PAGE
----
has never applied to sell it commercially, it remains in “experimental”
status. It is authorized for use with certain reporting requirements
attached: it is in the same category as most medication used to treat
This argument is simply a ruse: it uses a technical term, which has negative
cognates in everyday English, to scare the public and technically
unsophisticated local government decision-makers.
It causes genetic or biologically debilitating harm to the target species
or other species
The allegation is that for various reason harm may be caused to the target
animals or to other animals or people who are ingesting the meat of an
animal that has been treated with immunocontraception. Basic biology assures
us that the agent, which is a protein, cannot be passed on through the food
There was some early speculation that since the normal cycle of does
going into estrus every thirty days is extended for two more cycles (ending
in February/March instead of December/January) it might have a debilitating
effect on the does or on the bucks servicing them. Empirical observation of
has shown no evidence of that. It also has shown no significant change in
social behavior. No substantial, empirically verifiable debilitating effect
has been found in over 20 years of application.
It’s too expensive
The cost figure is the easiest argument for the opponents of the use of
immunocontraception to put forth and the most effective, when aimed at
legislative bodies such as city councils, town or village boards and county
legislatures who are sensitive to not approving exorbitantly priced
The usually alleged price per doe vaccinated is estimated to be
between $500 and $1,000. For a municipality seeking to reduce the urban
herd-size by vaccinating 100 animals with an immunocontraceptive agent -
that would come to $50,000 to $100.000; which represents a significant part
of its budget. That putative price tag is much higher than a realistic
estimate would lead us to.
There are two price components in each vaccination:
1) the cost of the dose
2) the cost of delivering the dose
a. the labor
b. cost of a delivery system
The cost per dose of PZP is about $30/dose.
Labor cost is about $15/hour
The time it takes to dart a deer varies greatly depending on the deer
density of the region and some other factors. In a study by Allen Rutberg
(Humane Wildlife Solutions published by Humane Society Press) the lime it
takes to dart a deer ranges from 1 hour up to 17 hours. The 17 hour time was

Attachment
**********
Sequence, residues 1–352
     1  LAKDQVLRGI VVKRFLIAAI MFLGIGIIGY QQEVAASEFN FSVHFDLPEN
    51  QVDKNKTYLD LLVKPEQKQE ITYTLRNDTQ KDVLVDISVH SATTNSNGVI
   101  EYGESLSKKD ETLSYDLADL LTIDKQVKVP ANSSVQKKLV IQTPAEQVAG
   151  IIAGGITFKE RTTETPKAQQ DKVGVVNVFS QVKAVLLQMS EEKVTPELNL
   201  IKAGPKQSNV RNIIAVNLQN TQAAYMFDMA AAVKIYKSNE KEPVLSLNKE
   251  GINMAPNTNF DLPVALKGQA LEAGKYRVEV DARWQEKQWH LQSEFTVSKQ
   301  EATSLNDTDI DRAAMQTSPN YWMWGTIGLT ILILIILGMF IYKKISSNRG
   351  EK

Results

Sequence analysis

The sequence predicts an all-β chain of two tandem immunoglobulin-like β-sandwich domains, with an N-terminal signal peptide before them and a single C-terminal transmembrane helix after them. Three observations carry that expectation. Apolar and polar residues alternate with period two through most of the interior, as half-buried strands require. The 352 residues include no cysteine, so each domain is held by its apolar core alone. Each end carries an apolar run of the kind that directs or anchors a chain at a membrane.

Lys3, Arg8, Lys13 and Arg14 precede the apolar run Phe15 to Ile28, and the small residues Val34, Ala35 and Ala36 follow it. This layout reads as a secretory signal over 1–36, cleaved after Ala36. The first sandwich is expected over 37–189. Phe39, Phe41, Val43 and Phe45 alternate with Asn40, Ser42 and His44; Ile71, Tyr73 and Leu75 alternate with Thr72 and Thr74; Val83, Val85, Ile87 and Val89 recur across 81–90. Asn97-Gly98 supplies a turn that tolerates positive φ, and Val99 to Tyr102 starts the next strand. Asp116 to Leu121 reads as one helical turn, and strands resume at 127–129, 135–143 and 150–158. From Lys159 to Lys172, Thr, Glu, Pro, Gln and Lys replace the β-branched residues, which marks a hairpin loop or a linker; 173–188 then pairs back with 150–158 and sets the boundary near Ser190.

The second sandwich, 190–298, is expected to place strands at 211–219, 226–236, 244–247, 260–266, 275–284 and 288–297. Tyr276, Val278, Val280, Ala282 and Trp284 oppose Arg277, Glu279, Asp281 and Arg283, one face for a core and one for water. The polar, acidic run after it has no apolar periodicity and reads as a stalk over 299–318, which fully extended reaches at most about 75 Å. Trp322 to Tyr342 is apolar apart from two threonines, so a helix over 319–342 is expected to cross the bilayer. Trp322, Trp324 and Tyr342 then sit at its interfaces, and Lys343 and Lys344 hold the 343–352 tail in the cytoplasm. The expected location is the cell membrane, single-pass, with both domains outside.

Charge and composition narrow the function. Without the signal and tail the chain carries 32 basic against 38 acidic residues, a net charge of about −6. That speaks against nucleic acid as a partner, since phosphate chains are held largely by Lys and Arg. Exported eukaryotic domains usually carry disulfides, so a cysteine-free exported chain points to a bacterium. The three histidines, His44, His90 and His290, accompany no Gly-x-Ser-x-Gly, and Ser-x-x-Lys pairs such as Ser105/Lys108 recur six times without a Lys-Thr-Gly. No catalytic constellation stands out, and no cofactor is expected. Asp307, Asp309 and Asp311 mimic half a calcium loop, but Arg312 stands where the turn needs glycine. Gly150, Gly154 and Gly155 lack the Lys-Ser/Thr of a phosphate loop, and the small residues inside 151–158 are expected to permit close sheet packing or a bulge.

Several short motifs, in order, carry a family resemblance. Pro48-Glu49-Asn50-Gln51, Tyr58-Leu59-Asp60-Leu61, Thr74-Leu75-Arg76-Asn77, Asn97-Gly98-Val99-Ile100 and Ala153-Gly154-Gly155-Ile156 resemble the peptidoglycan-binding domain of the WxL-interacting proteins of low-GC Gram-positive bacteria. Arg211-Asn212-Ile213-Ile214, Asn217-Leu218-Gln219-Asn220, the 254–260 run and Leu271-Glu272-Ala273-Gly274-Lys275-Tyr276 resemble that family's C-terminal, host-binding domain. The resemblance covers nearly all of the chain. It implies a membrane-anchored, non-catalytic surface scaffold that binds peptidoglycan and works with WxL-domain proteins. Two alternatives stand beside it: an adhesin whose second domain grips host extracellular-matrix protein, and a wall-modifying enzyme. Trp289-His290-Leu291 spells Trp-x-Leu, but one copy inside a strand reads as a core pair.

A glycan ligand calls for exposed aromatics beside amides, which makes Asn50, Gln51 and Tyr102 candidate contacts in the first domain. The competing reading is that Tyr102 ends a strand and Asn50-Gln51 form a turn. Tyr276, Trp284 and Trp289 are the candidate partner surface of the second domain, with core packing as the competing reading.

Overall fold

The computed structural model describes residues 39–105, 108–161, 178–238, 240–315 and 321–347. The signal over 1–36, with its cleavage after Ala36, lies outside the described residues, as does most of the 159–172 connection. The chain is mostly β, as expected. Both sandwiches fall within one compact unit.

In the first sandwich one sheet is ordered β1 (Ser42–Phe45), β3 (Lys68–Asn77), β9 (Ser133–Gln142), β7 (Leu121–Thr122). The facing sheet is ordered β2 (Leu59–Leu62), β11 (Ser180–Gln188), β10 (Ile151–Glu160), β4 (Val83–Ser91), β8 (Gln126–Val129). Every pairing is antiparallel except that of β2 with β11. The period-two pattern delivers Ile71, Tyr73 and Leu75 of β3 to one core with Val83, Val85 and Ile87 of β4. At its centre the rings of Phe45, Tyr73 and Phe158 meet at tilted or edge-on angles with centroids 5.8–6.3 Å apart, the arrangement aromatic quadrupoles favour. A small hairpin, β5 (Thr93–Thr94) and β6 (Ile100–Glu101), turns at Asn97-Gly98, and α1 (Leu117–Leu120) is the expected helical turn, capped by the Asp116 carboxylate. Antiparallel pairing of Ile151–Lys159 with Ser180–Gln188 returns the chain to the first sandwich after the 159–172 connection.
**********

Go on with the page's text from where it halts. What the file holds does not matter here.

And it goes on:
definitely a statistical outlier hat should probably be ignored. A
conservatively high value to work with seems to be around 4 hours, which
would make it $60 per deer vaccinated.
The delivery system (a dart shooting rifle) is about $1,000 -$3,000; again
taking the higher number, to be conservative, and amortizing the cost of the
weapon over 500 deer the delivery system cost per vaccinated deer is $6.
Assuming we are in a park system where we would use the same workers to do
the darting year after year - it would pay to send them for training which
is $200 per trainee plus an estimated $1,000 additional for travel and
lodging. Estimating each shooter’s lifetime darting output at 200 deer (four
years at 25 days with two deer darted per day) brings the amortized training
cost borne by each darted deer to $6.
The total cost comes to $102 per deer. Darting 100 deer each year brings the
total cost for the municipality’s deer control program to $10,200 per year.
There is simply no reasonable assumption that will get the price per deer
darted from $102 to $500 much less to $1,000
The EPA, in its protocol for applying GonaCon, insists that the deer may
not be darted. It must be captured, restrained and injected by hypodermic
needle. That requirement, which has no apparent scientific basis, is highly
labor-intensive and can make the cost per deer vaccinated approach the $500
A reasonable estimate of the cost of immunizing a deer is
around $100 per deer - it can vary from $60 per deer to $250 per deer
depending on the deer density of the region and other factors. Without
requiring capture, restraint, and inoculation by hypodermic needle there is
no rational way to get that number up to or over $500 per deer vaccinated.
The opponents of immunocontraception don’t really have a case -- know the
facts and present them at your next local public hearing session that seeks
to permit bow-hunting in your local parks.
Go on to Next Article
Back to Fall 2009 Issue
Back to C.A.S.H. Courier Article Archive